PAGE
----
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Experts say a glass of wine with dinner may help lower the risk of type 2 diabetes, although they aren’t sure why. Studio Firma/Stocksy United
  • Preliminary research suggests that drinking one glass of wine with a meal may lower the risk of developing type 2 diabetes versus drinking outside of a meal.
  • Other types of alcohol were not associated with lower type 2 diabetes risk.
  • Experts say it’s best to discuss alcohol consumption with your doctor.

Drinking wine with dinner may help prevent type 2 diabetes, according to preliminary research presented at the American Heart Association’s Epidemiology and Prevention, Lifestyle & Cardiometabolic Health Conference 2022.

“The effects of alcohol consumption on health have been described as a double-edged sword because of its apparent abilities to cut deeply in either direction – harmful or helpful, depending on how it is consumed,” said Dr. Hao Ma, a study author and a biostatistical analyst at the Tulane University Obesity Research Center in New Orleans, in a statement.

“Previous studies have focused on how much people drink and have had mixed results,” he added. “Very few studies have focused on other drinking details, such as the timing of alcohol intake.”

The researchers used data from more than 312,000 adults who self-reported as regular alcohol drinkers. None had diabetes, cardiovascular disease, or cancer at the start of the study. People who reduced alcohol consumption during the study period were excluded.

Participants were followed an average of 11 years. In that time, about 8,600 developed type 2 diabetes.

Analysis of the data found that drinking alcohol with meals was associated with a 14 percent lower risk of type 2 diabetes than drinking without food. This benefit was linked to drinking wine versus other types of alcohol. The researchers didn’t collect data on the timing of meals.

One study limitation is that details of alcohol consumption were self-reported.

Another is that 95 percent of participants were white adults of European descent. It’s not known whether these results could be generalized for others.

At this time, the study has not been published in a peer-reviewed scientific journal.

Dr. Kathleen Wyne is an endocrinologist at The Ohio State University Wexner Medical Center. She told Healthline that the body of data suggests that wine may be good for someone with prediabetes or diabetes.

“But just one glass,” stressed Wyne.

Previous research suggests that people who have type 2 diabetes and drink a moderate amount of wine have lower mortality, she added.

The reasons for this aren’t clear.

“Wine drinking may be a marker for healthy eating, relaxation, and less stress,” Wyne said. “Or there may be something specific in wine that helps slow diabetes.”

Dr. Joseph Barrera, an endocrinologist with Providence Mission Hospital in Mission Viejo, California, told Healthline that “in an individual who might have increased risk of type 2 diabetes, such as family history or BMI above 25, moderate wine intake may improve insulin resistance.”

“Timing it with meals might be more beneficial in preventing the potential onset of diabetes,” he added.

People with prediabetes have the most to gain, said Barrera.

“But if you’re at low risk of diabetes and not a drinker, it wouldn’t make sense to start drinking,” he said. “Similarly, if you have diabetes and are not a drinker, you shouldn’t initiate drinking.”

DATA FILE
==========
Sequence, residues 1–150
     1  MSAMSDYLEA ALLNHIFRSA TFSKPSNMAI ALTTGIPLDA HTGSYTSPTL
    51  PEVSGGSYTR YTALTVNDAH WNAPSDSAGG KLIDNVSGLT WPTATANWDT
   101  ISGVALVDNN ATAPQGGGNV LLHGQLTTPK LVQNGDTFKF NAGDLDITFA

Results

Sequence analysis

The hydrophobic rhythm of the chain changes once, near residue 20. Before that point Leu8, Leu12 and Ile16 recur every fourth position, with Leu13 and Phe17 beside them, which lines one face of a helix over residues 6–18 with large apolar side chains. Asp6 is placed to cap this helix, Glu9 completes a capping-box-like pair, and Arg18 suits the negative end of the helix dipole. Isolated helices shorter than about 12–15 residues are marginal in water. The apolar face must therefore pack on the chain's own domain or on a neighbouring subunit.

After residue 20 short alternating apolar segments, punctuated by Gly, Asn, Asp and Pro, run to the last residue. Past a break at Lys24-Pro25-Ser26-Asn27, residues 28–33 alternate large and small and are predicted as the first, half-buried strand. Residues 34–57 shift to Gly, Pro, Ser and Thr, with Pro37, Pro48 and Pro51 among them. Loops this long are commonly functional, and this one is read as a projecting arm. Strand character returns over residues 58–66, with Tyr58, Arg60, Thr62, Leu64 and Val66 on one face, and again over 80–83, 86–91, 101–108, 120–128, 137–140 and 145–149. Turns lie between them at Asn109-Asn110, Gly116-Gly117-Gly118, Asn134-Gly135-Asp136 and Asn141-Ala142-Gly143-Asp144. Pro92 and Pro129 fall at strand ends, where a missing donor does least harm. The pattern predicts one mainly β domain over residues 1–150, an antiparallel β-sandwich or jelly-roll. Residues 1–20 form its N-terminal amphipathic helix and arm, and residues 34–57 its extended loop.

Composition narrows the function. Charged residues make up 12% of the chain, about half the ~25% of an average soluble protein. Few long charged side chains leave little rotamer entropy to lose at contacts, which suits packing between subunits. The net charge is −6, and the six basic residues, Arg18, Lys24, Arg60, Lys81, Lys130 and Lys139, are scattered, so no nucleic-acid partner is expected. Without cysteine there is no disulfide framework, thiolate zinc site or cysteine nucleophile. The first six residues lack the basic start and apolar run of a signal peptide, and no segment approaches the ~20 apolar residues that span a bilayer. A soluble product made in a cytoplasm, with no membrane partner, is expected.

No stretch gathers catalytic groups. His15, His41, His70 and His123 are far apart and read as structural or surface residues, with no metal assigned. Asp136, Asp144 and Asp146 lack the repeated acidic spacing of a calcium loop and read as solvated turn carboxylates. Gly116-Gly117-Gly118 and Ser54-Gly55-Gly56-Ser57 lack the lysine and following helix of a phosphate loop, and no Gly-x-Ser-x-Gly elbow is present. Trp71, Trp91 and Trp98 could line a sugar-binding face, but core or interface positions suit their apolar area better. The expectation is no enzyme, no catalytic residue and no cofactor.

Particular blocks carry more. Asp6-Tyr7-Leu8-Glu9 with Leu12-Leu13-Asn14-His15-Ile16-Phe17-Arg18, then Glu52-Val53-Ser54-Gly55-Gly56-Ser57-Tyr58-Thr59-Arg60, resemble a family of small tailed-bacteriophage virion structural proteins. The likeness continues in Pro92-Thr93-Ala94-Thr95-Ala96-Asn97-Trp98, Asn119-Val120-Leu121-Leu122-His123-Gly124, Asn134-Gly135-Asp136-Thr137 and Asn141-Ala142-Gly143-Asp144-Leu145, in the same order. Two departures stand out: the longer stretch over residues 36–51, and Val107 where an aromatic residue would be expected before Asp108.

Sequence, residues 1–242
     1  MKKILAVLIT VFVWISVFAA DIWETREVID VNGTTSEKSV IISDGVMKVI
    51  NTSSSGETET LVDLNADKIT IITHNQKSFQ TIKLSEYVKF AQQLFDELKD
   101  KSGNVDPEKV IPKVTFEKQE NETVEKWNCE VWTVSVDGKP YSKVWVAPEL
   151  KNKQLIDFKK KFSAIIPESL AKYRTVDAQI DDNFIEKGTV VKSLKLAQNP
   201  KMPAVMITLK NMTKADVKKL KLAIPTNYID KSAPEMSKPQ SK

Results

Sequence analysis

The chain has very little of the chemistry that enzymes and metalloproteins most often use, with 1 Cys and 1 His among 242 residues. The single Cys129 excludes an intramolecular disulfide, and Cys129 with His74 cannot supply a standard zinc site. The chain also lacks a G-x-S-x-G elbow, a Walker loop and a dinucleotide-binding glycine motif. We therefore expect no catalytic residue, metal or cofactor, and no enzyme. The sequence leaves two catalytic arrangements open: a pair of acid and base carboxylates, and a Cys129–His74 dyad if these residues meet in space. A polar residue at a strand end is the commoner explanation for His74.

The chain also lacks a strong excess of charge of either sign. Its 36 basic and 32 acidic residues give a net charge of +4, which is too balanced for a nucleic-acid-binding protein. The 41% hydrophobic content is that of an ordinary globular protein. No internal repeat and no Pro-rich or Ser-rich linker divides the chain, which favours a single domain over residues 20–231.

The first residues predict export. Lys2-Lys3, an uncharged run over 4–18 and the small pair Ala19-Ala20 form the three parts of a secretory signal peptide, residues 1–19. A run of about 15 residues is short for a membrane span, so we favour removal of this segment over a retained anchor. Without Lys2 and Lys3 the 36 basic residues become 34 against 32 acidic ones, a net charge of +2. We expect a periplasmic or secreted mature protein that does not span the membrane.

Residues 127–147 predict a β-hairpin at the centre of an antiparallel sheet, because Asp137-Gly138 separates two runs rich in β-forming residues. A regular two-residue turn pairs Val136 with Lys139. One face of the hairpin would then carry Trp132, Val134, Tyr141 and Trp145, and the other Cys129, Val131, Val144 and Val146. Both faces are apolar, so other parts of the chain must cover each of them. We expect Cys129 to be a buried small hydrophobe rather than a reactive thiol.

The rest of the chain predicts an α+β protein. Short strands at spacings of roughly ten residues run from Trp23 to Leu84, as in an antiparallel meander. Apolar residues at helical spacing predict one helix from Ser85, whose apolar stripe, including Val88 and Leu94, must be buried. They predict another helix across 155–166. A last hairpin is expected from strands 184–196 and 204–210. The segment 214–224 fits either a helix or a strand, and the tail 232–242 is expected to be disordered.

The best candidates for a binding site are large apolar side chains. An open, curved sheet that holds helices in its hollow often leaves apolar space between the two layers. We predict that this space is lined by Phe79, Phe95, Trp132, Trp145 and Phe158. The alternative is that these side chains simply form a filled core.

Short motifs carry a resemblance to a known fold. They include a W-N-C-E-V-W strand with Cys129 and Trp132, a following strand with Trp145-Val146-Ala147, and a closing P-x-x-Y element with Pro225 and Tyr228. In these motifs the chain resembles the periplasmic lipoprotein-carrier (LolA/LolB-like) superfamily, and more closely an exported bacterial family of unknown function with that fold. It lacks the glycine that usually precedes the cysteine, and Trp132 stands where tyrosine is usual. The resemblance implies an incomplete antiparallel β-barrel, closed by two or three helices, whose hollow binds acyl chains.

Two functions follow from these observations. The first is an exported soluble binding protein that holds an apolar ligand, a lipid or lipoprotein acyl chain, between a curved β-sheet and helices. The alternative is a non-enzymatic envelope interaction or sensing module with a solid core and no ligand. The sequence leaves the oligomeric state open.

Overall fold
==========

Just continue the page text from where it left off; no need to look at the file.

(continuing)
He noted that people who have the ability to do things in moderation are not as likely to drink too much or overeat.

“This kind of study gets a lot of attention, but there are other ways to prevent type 2 diabetes,” Barrera said. “For example, 150 minutes of exercise a week, spread out over 3 days, is probably a lot more effective. But it’s not as exciting as a glass of wine with dinner.”

Moderation is key.

Wine glasses have been getting bigger, so it’s easy to drink more wine than you intend.

One glass of wine means 5 ounces of 12 percent wine. In comparison, a can of cola is typically 12 ounces.

Wyne cautioned that fortified wine is higher in alcohol content and that women’s livers are more susceptible to the toxicity of alcohol.

According to the Dietary Guidelines for Alcohol from the Centers for Disease Control and Prevention (CDC), moderate drinking means two drinks or less per day for men and one drink or less per day for women.

“Minimize alcohol intake if you have a problem with alcohol, liver disease, or a family history of liver disease,” said Wyne.

Barrera cautioned that certain diabetic medications, including some that are taken with meals, can precipitate low blood sugar when combined with alcohol.

“If you take medicine for diabetes, talk to your doctor about the safety of drinking alcohol with meals,” said Barrera.

According to the CDC, excessive drinking can lead to short-term and long-term consequences like:

  • accidents and injury
  • miscarriage and stillbirth
  • high blood pressure, heart disease
  • liver disease, digestive problems
  • certain types of cancer
  • depression, anxiety
  • learning and memory problems
  • risky behaviors, violence
  • alcohol poisoning

“Weigh the risks and don’t be afraid to ask your doctor if there’s a reason to have one glass of wine with dinner,” Wyne advised.

“With what we’ve gathered so far, if you drink already but don’t do it at mealtime, you can choose wine over beer or spirits and drink it with dinner,” Barrera said.

Three things to keep in mind, he said, are:

  • quantity
  • timing
  • speaking with your doctor about whether this strategy applies to you.

“Other medical concerns may complicate alcohol consumption,” Barrera said. “And if you don’t drink already, you can find another strategy, like exercise.”